How might we consider a trans historiography of Chile that accounts for state terrorism? What are the possible lines of investigation? There are many possibilities for approaching and writing a trans history of state terrorism during the dictatorship. The present investigation uses oral histories and ethnography to explore the historical experiences of trans and travesti women in Chile and consider how their stories can contribute to recent history and memory studies. The women interviewed cover a wide age range, born between 1956 and 1994. The interviews were completed in various regions of the country, but with most done in the north (Arica and Parinacota, Tarapacá, and Antofagasta regions) and Santiago. Most of the interviewees were activists in their respective communities, in the form of involvement with LGBTQI groups, political parties, or student groups. Many of the women participated in groups dedicated specifically to trans and travesti issues, like Nefertiti in Iquique, Arcoiris in Antofagasta and, in Santiago, groups like OTD, Transítar, Traves Chile, and the travesti sex workers' union, the Amanda Jofré Union.

Interestingly, the gender identities of those interviewed varied without much overlap. These included, among others, transgender woman, trava or travesti, trans woman, transfeminine, transsexual female, transgender (without a man or woman signifier), and gender fluid. Sexuality was also discussed, and the interviewees mentioned if they preferred dating cis men or cis women, sometimes taking on labels according to more traditional categories, like gay or hetero. Bi and pan identities were often referenced when no preference or a preference for both was given, pan being more common with younger people.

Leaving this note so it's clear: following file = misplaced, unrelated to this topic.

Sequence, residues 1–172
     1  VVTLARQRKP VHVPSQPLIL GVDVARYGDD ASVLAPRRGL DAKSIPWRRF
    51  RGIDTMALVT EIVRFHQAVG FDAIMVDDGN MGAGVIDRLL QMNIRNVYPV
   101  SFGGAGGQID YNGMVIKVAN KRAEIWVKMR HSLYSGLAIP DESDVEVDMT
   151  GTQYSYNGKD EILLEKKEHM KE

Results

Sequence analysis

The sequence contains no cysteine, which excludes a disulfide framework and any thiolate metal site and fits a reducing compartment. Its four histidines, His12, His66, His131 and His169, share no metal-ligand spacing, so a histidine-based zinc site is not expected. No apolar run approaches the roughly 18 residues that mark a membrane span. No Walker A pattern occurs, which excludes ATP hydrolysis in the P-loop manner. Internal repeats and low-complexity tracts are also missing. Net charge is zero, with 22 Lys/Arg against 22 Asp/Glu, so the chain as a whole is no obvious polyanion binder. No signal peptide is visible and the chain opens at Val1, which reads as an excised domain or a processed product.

The current demands of trans groups in Chile were also brought up in the interviews, such as the Gender Identity Law, recently passed by the Chilean Congress in September 2018, the improvement of the antidiscrimination law (known as the Zamudio Law and named for a hate crime committed against Daniel Zamudio, a young gay man murdered in Santiago in 2012), and, more generally, the absence of the state in trans and travesti matters. The following testimonies are excerpts taken from much longer and much more violent accounts. Ellipses (. . .) are used in some cases to avoid the inclusion of explicit details about the torture of trans bodies. This decision is aligned with a larger ethical debate within trans studies that endeavors to avoid the overrepresentation of tortured trans bodies and to respect the dignity of those interviewed.4

Oral History and Antitrans State Terrorism